Pilot ID'd as Salena Short of Tyler, Texas

Subhead

Was at Cannon Creek visiting a fellow pilot

  • First responders are pictured at the scene shortly after a single-engine plane crashed into a Lake City home Saturday morning. (Ray Carpenter Photography)
    First responders are pictured at the scene shortly after a single-engine plane crashed into a Lake City home Saturday morning. (Ray Carpenter Photography)
Body

The pilot of a single-engine plane is dead after crashing into a home on Inwood Court in the Creekside subdivision Saturday morning. The occupants of the home, a woman and her 7-year-old son, were unhurt.

The pilot was Salena Short, according to Bill Jennings, who purchased a home in the Cannon Creek Airpark about three months ago. Short was visiting Jennings from Texas. Jennings said Short's family had been notified of her death.

"In November, Salena sold me a gyrocopter," Jennings said. "We've been friends ever since." 

Shortly after 9:30 a.m. Saturday, Short took off in a single-engine plane from the airpark, crashing into the home of Shane Renee Thomson not long after being airborne. Thomson and her son Ethan, 7, escaped injury. 

Short, who was 61 years old, had flown into Lake City on Tuesday and was returning to her home in Tyler, Texas, on Saturday when she crashed. On Friday, her plane had undergone some maintenance, mainly to clean out its rocker covers; however, the plane was otherwise sound, Jennings said.

Short had a childhood love of flying and when she started dating her future husband, Gary Buster, a pilot himself, she got to experience flying in small planes first hand. It wouldn't be long before she would be piloting planes herself. 

Buster died of a heart attack in July 2018 while visiting London, less than two months after he and Short married. Short used flying to cope with the loss.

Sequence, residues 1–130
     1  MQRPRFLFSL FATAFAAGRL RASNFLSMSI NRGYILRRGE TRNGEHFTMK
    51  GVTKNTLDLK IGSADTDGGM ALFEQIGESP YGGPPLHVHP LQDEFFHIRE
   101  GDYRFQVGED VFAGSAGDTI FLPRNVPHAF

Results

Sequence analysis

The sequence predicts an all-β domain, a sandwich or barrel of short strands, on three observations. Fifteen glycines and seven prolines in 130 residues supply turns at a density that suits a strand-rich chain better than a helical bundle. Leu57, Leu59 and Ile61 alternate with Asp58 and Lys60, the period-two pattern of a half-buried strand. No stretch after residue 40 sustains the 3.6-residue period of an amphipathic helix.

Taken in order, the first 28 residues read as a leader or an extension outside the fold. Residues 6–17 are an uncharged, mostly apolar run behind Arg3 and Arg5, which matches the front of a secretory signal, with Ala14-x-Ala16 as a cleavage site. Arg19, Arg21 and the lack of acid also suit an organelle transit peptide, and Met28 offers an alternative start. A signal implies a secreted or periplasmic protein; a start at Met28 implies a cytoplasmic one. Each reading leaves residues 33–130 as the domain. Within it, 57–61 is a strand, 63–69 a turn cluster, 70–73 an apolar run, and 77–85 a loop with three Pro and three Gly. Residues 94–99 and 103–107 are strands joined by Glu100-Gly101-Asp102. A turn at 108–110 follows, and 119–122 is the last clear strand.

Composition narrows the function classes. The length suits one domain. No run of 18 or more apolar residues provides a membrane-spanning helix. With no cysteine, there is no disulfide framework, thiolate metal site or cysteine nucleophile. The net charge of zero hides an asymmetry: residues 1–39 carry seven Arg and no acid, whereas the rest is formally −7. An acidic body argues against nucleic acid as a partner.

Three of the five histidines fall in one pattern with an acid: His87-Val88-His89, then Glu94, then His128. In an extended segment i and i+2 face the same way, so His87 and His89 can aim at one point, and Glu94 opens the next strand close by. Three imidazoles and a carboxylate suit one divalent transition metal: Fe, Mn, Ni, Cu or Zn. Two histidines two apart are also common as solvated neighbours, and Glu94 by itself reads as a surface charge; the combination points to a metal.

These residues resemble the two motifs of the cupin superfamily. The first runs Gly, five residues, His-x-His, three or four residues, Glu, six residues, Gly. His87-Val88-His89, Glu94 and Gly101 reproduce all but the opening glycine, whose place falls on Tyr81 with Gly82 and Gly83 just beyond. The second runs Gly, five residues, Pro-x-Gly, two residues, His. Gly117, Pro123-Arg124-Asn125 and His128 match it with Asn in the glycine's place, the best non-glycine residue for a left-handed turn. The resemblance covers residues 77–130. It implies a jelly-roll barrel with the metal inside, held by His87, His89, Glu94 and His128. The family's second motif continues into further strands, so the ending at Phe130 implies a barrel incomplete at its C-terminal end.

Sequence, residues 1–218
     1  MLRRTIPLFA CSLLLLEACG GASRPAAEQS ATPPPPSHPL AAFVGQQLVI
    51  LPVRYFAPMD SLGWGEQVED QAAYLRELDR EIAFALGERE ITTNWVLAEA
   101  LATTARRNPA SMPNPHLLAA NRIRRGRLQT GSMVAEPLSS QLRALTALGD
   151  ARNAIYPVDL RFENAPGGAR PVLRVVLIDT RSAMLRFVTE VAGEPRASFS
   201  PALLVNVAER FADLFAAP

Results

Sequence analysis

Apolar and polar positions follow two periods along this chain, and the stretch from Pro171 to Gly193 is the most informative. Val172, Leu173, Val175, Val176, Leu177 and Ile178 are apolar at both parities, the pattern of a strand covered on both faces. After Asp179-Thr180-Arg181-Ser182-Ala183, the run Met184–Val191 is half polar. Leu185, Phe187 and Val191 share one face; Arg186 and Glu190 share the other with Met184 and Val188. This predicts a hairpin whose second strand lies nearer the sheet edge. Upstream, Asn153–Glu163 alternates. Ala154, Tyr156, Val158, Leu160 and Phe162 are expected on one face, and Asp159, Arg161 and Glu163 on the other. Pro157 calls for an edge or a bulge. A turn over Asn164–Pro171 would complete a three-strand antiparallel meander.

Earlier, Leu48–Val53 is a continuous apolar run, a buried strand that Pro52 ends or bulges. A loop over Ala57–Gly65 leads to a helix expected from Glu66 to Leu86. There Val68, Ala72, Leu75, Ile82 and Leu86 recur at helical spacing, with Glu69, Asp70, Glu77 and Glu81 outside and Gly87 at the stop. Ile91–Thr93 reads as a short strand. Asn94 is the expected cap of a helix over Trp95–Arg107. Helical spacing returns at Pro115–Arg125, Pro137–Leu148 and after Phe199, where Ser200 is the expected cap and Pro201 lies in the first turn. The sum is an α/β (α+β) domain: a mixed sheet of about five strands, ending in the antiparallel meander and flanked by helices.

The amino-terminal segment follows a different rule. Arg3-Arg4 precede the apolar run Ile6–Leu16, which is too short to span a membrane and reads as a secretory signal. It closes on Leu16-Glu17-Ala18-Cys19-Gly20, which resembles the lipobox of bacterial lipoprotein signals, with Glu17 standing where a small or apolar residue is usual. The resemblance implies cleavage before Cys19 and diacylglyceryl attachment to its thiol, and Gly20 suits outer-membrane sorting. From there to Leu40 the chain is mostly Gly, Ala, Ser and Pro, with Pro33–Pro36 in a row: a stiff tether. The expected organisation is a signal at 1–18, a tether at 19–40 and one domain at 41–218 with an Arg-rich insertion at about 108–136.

"Oh how I’ve missed flying, truly the best therapy ever for me," she wrote in a Facebook post in November.

Murray Smith, the Columbia County Sheriff's Office public information officer, was at the scene of the crash. He told the Reporter that the National Transportation Safety Board, out of Cocoa Beach, would be leading the investigation, with assistance from the Federal Aviation Administration out of Orlando. The Florida Highway Patrol will also be part of the investigation because the wreckage partly littered a public road. The NTSB arrived on the scene within hours of the accident.

Rhonda and Jack Russell of Lake City were on their way to the home of Thomson, their daughter, to pick up Ethan for a basketball game at Parkview Baptist Saturday morning when they got word a plane had crashed into the house.

“Our daughter said a plane had just hit their house,” Rhonda said at the scene about a half-hour after the crash. “We didn’t know what to expect.”

They got there a few minutes later to find their daughter and grandson outside and unharmed.

“It is a miracle,” Rhonda said.

Shane Renee was standing by the front window of the home when the plane struck and Ethan was playing his keyboard just a few feet away.

“Then all of the sudden it hit,” Rhonda said. “She saw a flash of orange as it exploded.”

The plane struck the roof above a bay window on the front of the home in an apparent glancing blow then disintegrated and burned. 

Shane Renee and Ethan escaped through the garage. “There were flames but they ducked down and got out,” Rhonda said.

On the way out they grabbed Ethan’s toy Chewbacca of Star Wars fame from the laundry room.

“It stunk of smoke,” Rhonda said. “We’re going to get him a new one.”

Shane Renee is upset and Ethan is “pretty scared,” Jack Russell said. “It’s almost like he’s in shock.”

Jack and Rhonda were grateful their daughter and grandson were safe, but their hearts went out to the family of the pilot.

“It’s an awful thing,” Jack said. 

The Red Cross is poised to offer aid to Shane Renee and Ethan but Rhonda said she and Jack were there to take care of them.

Along with all their neighbors.

“They have wonderful neighbors here,” Rhonda said.

The home is damaged with a hole in the roof but appears structurally intact from the outside.